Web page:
It’s no secret that society’s appetite for information keeps developing at a breakneck pace. Mobile data traffic continues to grow. The Internet of Things (IoT) is linking to just about everything and, according to a 2017 Gartner study, there will be 20.4 billion connected devices by 2020, while IDC projects 18% of the total IT spend will be for the edge infrastructure. The need for reliable networks has never been greater, and nowhere is that need more pronounced than at the edge of the network.

To address this march of progress, more and more computing is being driven to the edge of the network. What does this mean for IT infrastructure power systems? For IT managers it’s a constant worry of how to support it all.

Edge environments are different depending on the application and so are their power needs. In fact, the power systems at the edge of some large companies might be sufficient to power another company’s primary data center. Most of today’s edge deployments are 20kVA or less, but there are large sites using 200kVA or more. At the edge, one size definitely does not fit all.

Whatever the size, edge sites are becoming increasingly mission critical, and IT managers need to adapt and adjust their power architectures. Below are four keys for power at the edge.



In the past, edge applications weren’t as safeguarded as those in the main data center since the information being generated and stored at the edge wasn’t as business critical. Not so today. Compute at the edge needs protection from all key electrical disturbances that can rattle systems and performance — inside or outside the facility. UPS units for these applications need to be compact, high-powered, and designed for high-density environments.

Many managers are evaluating true, online double-conversion UPS systems to eliminate disruptions, make a seamless transfer to the battery, and deliver maximum availability in locations with spotty electrical grids. By filtering electrical disturbances, these UPS systems avoid frequent battery draws and extend battery life. Including a maintenance bypass allows for routine service and maintenance while still ensuring the load is protected. In the 10 to 30kVA range, three-phase UPS designs may be valued, given their higher capacity and more favorable wiring costs and effective load balancing. Smaller capacities are still well served with single-phase technologies.

Needless to say, remote monitoring and management capabilities offer tremendous value at the edge, especially when the site has no tolerance for downtime. Edge sites often lack on-site IT personnel, so remote visibility is critical. Locations without supervision or trained personnel might require local service support to not only troubleshoot incidents, but conduct preventive maintenance to avoid downtime or data loss.



Time is money, and that’s especially true in today’s exploding edge market. This “arms race” for more local compute capabilities creates the need to be up and running quickly, and that means deploying power systems that are installation-ready, have lifecycle support, and a robust supply-chain that offers fast convenient shipping plus local support that can streamline deployment.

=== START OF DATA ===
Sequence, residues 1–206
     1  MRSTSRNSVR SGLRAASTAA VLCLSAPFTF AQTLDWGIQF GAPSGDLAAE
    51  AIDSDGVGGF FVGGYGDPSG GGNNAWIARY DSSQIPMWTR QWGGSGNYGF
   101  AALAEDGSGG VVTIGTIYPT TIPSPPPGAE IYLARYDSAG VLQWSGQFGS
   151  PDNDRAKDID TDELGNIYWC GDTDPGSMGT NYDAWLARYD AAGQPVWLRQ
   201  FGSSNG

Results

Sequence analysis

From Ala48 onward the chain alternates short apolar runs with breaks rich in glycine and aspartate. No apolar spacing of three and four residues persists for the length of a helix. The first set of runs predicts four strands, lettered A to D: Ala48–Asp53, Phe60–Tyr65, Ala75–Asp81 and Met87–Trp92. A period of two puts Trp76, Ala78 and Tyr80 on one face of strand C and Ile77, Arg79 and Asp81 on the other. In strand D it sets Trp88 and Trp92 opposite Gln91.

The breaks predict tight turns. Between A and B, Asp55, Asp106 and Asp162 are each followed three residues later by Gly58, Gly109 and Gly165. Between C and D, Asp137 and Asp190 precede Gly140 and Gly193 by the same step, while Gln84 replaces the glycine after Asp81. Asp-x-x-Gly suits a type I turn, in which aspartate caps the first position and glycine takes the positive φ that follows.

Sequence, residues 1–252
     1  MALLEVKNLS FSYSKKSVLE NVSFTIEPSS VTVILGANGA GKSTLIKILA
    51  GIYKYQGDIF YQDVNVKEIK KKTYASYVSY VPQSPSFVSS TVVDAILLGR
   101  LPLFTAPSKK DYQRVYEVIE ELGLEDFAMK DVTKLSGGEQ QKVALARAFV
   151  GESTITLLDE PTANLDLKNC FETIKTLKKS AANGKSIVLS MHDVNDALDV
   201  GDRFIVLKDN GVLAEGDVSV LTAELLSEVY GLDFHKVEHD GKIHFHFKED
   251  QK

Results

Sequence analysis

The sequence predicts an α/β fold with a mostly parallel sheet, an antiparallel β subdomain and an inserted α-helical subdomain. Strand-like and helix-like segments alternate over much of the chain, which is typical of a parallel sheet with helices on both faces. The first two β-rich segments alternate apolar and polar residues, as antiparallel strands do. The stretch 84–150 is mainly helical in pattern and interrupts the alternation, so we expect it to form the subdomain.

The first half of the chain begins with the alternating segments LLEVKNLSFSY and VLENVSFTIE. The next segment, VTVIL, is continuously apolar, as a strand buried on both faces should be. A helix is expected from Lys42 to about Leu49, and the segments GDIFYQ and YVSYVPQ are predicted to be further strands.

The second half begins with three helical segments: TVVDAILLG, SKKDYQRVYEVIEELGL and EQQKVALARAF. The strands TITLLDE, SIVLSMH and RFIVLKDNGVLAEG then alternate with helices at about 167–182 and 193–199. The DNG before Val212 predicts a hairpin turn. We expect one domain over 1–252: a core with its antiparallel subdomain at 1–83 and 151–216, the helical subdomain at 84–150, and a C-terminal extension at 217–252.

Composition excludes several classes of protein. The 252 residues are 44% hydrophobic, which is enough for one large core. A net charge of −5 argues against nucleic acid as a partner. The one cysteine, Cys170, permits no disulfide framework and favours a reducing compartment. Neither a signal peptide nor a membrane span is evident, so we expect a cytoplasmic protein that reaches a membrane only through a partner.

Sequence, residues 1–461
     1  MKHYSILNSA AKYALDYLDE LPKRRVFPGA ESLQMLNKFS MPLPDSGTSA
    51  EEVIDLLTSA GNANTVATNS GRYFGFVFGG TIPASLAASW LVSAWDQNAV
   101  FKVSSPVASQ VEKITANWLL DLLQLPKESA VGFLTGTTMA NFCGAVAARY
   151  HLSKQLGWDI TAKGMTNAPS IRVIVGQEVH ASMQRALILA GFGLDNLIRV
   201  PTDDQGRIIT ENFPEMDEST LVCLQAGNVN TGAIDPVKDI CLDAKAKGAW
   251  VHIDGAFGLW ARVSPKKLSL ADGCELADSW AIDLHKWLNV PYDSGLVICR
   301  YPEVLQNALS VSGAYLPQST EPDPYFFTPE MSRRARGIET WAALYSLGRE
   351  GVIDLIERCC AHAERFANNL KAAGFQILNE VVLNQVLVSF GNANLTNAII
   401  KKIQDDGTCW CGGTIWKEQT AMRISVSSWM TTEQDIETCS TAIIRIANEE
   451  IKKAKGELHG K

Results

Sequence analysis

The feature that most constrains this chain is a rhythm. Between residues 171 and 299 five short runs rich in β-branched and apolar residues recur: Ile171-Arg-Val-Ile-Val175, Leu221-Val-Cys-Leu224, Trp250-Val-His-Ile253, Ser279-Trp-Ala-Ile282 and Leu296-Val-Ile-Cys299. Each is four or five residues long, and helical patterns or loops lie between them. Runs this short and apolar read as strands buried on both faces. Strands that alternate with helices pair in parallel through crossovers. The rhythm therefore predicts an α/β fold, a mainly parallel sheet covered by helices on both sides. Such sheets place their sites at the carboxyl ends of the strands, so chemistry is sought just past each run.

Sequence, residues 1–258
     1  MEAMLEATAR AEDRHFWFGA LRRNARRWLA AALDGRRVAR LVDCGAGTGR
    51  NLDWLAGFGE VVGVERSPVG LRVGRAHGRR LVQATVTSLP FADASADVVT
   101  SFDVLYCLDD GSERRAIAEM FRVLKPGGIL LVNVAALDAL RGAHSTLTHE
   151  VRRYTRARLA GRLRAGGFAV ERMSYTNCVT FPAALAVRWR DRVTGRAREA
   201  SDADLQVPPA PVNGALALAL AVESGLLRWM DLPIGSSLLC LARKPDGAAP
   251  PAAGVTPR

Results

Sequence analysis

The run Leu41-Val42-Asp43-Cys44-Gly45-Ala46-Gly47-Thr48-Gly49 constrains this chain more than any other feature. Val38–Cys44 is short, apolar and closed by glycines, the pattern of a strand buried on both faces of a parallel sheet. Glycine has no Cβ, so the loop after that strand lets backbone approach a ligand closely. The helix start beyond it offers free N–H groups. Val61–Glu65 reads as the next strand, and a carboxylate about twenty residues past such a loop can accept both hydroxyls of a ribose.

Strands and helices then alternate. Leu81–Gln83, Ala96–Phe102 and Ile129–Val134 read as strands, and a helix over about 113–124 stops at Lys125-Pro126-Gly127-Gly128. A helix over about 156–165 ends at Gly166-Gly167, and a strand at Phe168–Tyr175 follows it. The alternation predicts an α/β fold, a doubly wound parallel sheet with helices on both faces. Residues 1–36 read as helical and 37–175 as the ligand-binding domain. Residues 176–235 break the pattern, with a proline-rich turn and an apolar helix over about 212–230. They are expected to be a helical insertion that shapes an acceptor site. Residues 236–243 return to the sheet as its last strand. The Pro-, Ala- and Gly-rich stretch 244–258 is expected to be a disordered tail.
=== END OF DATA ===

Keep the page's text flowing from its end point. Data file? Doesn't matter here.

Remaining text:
Of course, deployment at the edge is an ongoing effort. For the power architecture that means flexibility is a priority. This might mean fast and easy power capacity expansion, more battery run time, or greater electrical connections. There are different ways to manage growth, from scaling up as needed to adding new systems. Most want to stay away from needless up-front investments that over-provision.



Today’s critical infrastructure technologies are equipped for more advanced, in some cases cloud-based, remote management and control. This is especially valuable at the edge where on-site support is limited. IT managers utilizing intelligent systems with enhanced visibility into their critical infrastructure can monitor the power and cooling systems in their edge facilities and manage those systems or proactively schedule service. Programs can be tailored to meet specific needs, delivering notifications and alerts before an issue becomes critical, and offering remote response capabilities to address issues as they arise. Best-case deployments require minimal oversight, with machine learning and artificial intelligence monitoring and acting on data from critical infrastructure equipment.

This type of intelligent management platform increases visibility at the edge, improves efficiency, and protects valuable critical equipment.



To truly manage or lower costs, you’ll need to control capital expenditures, and operating and maintenance expenses while avoiding downtime. You can realize real savings at each facility by improving energy efficiency, lowering staff support costs, and reducing costly service truck rolls. The right UPS systems, with a high operating efficiency and intelligent lifecycle management, can make a big difference. If an edge location does not need high levels of protection 24/7, operating a UPS in eco-mode can save money while being more energy efficient. Small efficiency improvements can quickly add up as the number of edge locations increase.



IoT, mobile computing, virtual reality, and other advanced applications are driving demand for robust, low-latency edge computing. This more mission-critical edge is an integral part of most networks. To safeguard this vital information, power systems need to be easy to deploy, resilient, intelligent, scalable, and flexible to grow and adapt to changing conditions.